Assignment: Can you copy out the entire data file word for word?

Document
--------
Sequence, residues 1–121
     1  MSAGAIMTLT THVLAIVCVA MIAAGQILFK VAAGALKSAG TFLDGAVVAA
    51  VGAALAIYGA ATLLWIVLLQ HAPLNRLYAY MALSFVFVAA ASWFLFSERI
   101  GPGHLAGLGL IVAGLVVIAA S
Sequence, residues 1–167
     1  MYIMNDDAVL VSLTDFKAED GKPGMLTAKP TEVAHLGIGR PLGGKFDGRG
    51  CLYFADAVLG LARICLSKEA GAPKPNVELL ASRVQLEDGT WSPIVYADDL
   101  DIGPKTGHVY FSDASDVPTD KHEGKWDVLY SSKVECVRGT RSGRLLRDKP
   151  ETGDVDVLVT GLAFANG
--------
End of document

Sequence, residues 1–121
     1  MSAGAIMTLT THVLAIVCVA MIAAGQILFK VAAGALKSAG TFLDGAVVAA
    51  VGAALAIYGA ATLLWIVLLQ HAPLNRLYAY MALSFVFVAA ASWFLFSERI
   101  GPGHLAGLGL IVAGLVVIAA S
Sequence, residues 1–167
     1  MYIMNDDAVL VSLTDFKAED GKPGMLTAKP TEVAHLGIGR PLGGKFDGRG
    51  CLYFADAVLG LARICLSKEA GAPKPNVELL ASRVQLEDGT WSPIVYADDL
   101  DIGPKTGHVY FSDASDVPTD KHEGKWDVLY SSKVECVRGT RSGRLLRDKP
   151  ETGDVDVLVT GLAFANG